Have you ever heard a cell phone go off at a wedding or a religious service? Cell users do not seem to mind invading other's space to receive that all-important telephone call. Here's a fascinating statistic to mull over the next time you hear a cell telephone: "Fifty-nine percent would rather visit the dentist than sit next to someone using a cell phone." When do people most abhor the use of cell phones, according to the USA Today survey? The statistics indicate:

86 percent--inappropriate over dinner
88 percent--inappropriate in a meeting
96 percent--inappropriate in a movie
98 percent--inappropriate at a funeral.
How do you judge whether a cell phone is inappropriate in a jury deliberation room or a classroom? If the cell phone interferes with the learning process or the seriousness of the situation, please place the cell phone somewhere else. The situation of banning cell phones in posh restaurants remains prickly. Where does freedom of speech begin and the rights of others coincide? Politeness and responsibility still have to exist in our society. Peggy Post, earlier alluded to, suggests personal removal may be the best answer:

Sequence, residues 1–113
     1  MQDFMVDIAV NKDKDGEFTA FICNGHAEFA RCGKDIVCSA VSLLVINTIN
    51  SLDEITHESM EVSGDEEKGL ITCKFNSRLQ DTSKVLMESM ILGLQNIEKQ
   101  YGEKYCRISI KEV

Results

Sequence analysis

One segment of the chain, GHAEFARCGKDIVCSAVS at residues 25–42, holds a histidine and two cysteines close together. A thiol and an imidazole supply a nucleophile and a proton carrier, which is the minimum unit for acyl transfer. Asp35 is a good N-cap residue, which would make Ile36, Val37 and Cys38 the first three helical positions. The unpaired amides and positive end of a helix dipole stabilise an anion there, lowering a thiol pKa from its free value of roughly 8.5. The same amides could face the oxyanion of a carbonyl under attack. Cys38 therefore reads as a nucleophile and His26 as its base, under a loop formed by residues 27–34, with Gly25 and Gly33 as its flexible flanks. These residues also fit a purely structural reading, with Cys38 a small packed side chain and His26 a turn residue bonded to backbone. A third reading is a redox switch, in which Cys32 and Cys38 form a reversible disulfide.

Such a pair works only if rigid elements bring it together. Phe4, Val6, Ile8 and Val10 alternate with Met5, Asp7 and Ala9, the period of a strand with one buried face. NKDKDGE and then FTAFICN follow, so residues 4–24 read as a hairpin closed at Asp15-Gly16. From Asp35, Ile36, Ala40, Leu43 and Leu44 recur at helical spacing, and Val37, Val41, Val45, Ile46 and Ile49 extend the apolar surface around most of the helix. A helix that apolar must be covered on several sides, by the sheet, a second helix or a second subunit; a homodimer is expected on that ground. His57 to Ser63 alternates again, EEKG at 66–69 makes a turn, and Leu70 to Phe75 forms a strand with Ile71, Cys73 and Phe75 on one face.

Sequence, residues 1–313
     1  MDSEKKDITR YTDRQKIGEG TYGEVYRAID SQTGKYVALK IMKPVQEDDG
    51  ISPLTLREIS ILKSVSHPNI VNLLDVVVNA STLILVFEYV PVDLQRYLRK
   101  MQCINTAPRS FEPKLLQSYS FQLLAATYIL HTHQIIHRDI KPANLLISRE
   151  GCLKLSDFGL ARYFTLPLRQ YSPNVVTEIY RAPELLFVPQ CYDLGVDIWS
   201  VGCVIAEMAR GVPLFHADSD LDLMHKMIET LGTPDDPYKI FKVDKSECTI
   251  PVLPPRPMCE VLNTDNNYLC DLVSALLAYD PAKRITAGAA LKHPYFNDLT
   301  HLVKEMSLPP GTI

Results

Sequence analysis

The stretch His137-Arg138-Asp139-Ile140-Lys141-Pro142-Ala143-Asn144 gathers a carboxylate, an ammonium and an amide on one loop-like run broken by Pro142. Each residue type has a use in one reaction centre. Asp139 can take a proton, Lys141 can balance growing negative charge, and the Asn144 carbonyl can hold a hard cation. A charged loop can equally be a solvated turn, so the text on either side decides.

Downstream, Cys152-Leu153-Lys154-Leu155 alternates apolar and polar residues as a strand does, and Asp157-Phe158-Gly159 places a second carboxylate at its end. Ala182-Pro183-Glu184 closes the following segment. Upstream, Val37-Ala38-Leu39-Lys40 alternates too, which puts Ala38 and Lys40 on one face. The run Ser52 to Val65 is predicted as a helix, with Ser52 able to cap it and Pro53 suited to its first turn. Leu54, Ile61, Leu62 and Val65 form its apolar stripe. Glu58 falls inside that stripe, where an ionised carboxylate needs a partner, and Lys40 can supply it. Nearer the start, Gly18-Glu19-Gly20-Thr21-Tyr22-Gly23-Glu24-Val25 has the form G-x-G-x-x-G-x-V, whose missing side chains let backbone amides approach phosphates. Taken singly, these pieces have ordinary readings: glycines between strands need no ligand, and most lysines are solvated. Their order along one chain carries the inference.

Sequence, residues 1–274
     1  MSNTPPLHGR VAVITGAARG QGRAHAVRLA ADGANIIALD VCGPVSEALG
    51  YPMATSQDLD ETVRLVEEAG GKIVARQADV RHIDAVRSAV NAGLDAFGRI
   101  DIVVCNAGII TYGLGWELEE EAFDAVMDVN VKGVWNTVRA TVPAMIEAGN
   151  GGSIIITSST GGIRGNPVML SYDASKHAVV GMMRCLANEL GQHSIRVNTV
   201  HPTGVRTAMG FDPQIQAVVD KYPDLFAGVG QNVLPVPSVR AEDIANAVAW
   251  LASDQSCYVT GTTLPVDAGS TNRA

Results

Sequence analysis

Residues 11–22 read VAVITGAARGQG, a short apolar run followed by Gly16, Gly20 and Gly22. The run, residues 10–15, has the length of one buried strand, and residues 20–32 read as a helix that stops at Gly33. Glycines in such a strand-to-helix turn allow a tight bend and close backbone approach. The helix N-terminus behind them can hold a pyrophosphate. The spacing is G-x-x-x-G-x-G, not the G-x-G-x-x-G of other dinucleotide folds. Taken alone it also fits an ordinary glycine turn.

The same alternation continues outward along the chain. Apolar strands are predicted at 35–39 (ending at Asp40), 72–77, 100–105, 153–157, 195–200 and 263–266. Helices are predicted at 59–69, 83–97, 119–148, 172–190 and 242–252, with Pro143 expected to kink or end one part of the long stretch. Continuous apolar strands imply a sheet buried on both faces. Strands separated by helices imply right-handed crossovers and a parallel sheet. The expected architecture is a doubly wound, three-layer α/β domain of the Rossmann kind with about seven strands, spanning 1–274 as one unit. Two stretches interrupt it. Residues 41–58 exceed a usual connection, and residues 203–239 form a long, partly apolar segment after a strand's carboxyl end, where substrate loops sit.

People using these phones forget that everyone around them can hear every word they are saying, and they often speak loudly. It is preferable to remove yourself from a group to a quiet corner in order to make or take calls so as not to bother others. It is ludicrous to ask those around you to hush.
With this good advice you must use your best judgment. Others don't expect you to take the attitude you are not bothering them.

Don't Forget the Sweetest Words

Two of the sweetest words or phrases in the English language are "Please" and "I'm sorry." People appreciate individuals admitting their wrongs. Also, it is helpful in the Atrium or anywhere to say "Excuse me" instead of just bumping into someone who didn't seem to get out of your way.

Etiquette Books Abound

Lately, I came across a fascinating little book appropriately entitled The Little Instruction Book of Business Etiquette by Valerie Sokolosky. Here's an example of the homespun advice given about eating and good manners:

Be a good guest by practicing good manners: